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Collapsed landing gear to blame for plane crash involving Dale Jr., NTSB says

The NASCAR legend, his wife and daughter all escaped with the pilots before the plane caught fire

ELIZABETHTON, Tenn. — A mechanical issue was to blame for the fiery plane crash involving Dale Earnhardt Jr. and his family last Thursday at Elizabethton Municipal Airport.

In the preliminary report issued by the National Transportation Safety Board, officials said the Cessna initially touched down at the beginning of the runway, but then bounced up once more before coming down with about 1,000 feet of paved surface remaining.

Video evidence showed that the right main landing gear collapsed and the right wing then contacted the runway. The aircraft then went off the runway, through an open area of grass, down an embankment and through a chain-link fence and up an embankment, coming to rest on the edge of TN Highway 91.

Once the plane finally came to a stop, the pilots told investigators they secured the cabin then assisted Earnhardt Jr., his wife and daughter escape, along with their dog. Everyone made it out safely.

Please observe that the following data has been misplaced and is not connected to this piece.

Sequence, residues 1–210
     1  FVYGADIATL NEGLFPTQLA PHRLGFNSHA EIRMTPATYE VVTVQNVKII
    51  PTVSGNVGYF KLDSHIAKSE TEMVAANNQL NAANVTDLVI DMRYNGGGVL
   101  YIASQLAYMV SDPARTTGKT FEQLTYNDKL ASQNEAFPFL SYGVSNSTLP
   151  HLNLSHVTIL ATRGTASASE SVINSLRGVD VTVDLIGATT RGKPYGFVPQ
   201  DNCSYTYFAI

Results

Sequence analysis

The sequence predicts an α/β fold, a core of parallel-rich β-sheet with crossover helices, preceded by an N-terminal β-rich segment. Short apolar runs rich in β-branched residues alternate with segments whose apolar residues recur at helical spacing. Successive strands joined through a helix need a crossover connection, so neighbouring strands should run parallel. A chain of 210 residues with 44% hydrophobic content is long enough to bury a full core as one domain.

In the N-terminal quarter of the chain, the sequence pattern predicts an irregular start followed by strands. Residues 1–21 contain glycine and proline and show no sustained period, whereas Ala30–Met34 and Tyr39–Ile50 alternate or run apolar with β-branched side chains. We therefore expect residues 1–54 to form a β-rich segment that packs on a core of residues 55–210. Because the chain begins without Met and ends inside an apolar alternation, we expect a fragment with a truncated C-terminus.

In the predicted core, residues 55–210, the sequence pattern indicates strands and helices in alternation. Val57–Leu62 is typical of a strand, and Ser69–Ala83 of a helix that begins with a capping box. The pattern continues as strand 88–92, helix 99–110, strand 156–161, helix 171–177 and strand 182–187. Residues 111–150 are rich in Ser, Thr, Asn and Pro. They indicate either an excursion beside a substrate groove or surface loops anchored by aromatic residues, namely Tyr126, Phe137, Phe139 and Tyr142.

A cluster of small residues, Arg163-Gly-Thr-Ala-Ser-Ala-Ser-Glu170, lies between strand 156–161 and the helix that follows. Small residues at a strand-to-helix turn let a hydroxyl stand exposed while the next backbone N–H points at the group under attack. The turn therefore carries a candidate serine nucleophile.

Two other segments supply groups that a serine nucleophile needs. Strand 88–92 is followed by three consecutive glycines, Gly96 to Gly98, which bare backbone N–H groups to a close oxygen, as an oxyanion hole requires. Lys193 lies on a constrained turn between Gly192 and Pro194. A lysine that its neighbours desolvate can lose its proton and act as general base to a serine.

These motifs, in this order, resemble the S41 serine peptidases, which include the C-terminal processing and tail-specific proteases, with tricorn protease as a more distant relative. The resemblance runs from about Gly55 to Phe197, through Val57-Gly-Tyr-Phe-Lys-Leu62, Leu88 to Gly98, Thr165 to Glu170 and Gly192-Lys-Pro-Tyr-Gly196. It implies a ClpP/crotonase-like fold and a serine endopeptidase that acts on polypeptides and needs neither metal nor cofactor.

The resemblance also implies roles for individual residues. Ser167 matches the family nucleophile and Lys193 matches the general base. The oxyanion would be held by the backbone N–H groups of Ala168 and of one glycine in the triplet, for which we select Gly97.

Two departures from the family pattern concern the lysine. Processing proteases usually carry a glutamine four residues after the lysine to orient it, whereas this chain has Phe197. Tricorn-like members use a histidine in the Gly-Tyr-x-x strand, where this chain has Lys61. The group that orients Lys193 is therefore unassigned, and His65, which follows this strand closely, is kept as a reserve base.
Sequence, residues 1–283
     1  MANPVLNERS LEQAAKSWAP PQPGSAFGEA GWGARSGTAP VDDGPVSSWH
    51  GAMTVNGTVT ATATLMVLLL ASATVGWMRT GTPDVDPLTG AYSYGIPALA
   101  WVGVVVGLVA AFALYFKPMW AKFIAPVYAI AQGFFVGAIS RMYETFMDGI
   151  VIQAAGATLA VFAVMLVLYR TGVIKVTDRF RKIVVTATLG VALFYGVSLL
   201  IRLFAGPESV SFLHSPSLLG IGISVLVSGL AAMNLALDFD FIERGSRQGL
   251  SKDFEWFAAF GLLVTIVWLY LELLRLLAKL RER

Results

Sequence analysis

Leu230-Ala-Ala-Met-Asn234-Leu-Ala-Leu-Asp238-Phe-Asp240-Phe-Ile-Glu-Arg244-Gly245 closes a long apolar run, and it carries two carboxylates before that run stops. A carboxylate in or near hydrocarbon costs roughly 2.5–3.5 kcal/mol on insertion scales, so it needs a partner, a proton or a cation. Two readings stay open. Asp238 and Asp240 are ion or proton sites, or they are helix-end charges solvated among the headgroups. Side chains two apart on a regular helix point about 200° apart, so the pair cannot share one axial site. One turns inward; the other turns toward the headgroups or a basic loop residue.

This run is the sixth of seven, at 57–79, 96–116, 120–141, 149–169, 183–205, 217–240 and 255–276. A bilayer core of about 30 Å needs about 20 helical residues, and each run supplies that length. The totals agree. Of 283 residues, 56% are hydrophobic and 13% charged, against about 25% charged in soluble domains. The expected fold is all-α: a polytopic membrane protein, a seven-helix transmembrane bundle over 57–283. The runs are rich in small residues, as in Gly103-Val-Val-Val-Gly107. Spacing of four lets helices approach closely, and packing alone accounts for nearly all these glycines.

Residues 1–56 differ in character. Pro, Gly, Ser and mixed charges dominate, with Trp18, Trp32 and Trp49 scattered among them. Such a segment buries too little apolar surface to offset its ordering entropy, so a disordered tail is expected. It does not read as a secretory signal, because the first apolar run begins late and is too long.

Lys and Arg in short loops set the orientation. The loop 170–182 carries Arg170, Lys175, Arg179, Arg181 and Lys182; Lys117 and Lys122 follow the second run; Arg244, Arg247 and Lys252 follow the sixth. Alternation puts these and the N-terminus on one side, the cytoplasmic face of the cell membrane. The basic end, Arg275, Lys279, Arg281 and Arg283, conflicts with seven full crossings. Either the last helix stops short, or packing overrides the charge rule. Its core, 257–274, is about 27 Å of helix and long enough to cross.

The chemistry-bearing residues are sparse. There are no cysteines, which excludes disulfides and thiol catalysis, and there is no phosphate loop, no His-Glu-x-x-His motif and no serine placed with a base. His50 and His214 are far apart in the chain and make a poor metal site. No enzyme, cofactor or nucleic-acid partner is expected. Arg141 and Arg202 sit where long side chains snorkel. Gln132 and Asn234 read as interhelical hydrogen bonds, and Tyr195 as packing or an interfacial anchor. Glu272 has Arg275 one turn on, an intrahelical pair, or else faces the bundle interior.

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The plane burst into flames after landing. NTSB investigators noted that the main cabin area, the right wing and part of the tail were burned up by the fire. The left main and nose landing gear were separated from the airframe during the impact. The right main landing gear remained under the right wing and was heavily damaged in a fire.

The pilots had a combined 16,800 hours of flying time, with 1,930 of those hours in the airplane they were flying that day. Both were type rated and certified to fly the aircraft. The pilots reported no issues prior to the landing.

There were no weather issues reported at the time of the accident.